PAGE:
Some thoughts as I sit alone on New Year’s Eve.
We’ve hit an important moment of healing in the cultural wars that divide us. I’m speaking here of the debate between the vast majority of people who thought that the new millennium and century began on Jan. 1, 2000 and those of us who can count who knew it didn’t start until Jan. 1, 2001. Well, that is over now, because both sides would agree that the first decade ends tonight with the last day of 2010. Our long national nightmare is at an end. My thoughts tonight are more about the last 10 years than the last year alone.
I’m having trouble thinking of a single serious problem we’ve resolved as a species, or even as a nation, in the last ten years. Climate change plows onward and our collective response is to take a page from the Advanced Dungeons and Dragons Player’s Handbook. We keep trying to Disbelieve the problem away even as it eats us. Ditto Social Security. Perhaps we could all join together and watch the High Brazil sequence of Erik the Viking as an object lesson on the effectiveness of this strategy.
We were led in to the worse economic disaster since the great depression by businessmen, political leaders, and our own greed. We’ve responded by allowing these same individuals to write the new laws governing their actions.
In 2001 we went into Afghanistan and in 2003 we went into Iraq. In both cases critics used the word “quagmire” and cited our experiences in Vietnam. In both cases those critics were attacked as un-patriotic and the comparisons to Vietnam were dismissed (the voices of dismissal included, I am ashamed to say, me – though not the questioning of patriotism). It is 2010 and still our troops are there.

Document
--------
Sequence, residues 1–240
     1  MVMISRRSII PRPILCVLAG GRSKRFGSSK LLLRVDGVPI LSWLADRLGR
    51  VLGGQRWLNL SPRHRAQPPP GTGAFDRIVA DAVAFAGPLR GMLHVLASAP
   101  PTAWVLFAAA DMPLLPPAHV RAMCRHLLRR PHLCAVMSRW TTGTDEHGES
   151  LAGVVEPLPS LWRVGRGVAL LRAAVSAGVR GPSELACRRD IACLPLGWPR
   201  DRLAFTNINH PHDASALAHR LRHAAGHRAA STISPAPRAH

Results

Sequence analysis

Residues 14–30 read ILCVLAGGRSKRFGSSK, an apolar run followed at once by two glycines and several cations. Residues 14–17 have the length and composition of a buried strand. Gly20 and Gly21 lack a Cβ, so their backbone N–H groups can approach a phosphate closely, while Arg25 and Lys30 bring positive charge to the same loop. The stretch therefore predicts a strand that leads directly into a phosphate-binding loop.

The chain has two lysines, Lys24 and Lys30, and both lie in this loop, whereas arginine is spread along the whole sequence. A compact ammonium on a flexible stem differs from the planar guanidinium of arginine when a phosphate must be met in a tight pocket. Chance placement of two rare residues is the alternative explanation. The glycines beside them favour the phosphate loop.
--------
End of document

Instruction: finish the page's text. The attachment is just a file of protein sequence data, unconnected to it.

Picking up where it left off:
I’ve been waiting for the cultural and political pendulum to swing back towards the left and it shows no sign of doing so. I’m increasingly afraid that things are going to get very ugly in this country. I keep thinking about Farenheit 451, a novel I believe is widely mis-understood. It isn’t the story of a society that was subjugated by oppression, it is about a society that willingly gave up its freedom in the name of safety, convenience, and entertainment. Society gave up its books because they were boring and hard. Next week I’ll go to an opening session of my college and will probably hear again about the need to accommodate our student’s unique needs and I’ll think of that anti-intellectual society Bradbury depicted, and then I’ll shiver a bit… and I’ll go back to my office and see what is happening on Facebook. I’ll go home where I’ll see a mass emotional commitment to celebrities and the figures of reality TV and remember the talking walls of Montag’s house and I’ll shiver a bit… and then I’ll turn on Netflix.
On a more personal level, at the beginning of this decade I had two living parents and three living grandparents, none of whom are with me anymore. I did not have a full-time job, now I do. With a few exceptions I did not know most of the people I would consider my closest friends today. I drove a 1982 Ford Mustang, I did not own a single dvd, and no one I knew owned a cell-phone. I still had a computer with a Pentium I chip. I believed in a god even though I had to keep jumping through hoops in my own thinking to do so.
I guess I was much more optimistic about the world in general and much more pessimistic about my own life a decade ago. Now the balance has shifted the other way.
Finally, we are now one decade into the 21st century, and still I have one big question that I’ve had for ten years now:
Where the hell is my flying car?
Happy New Year.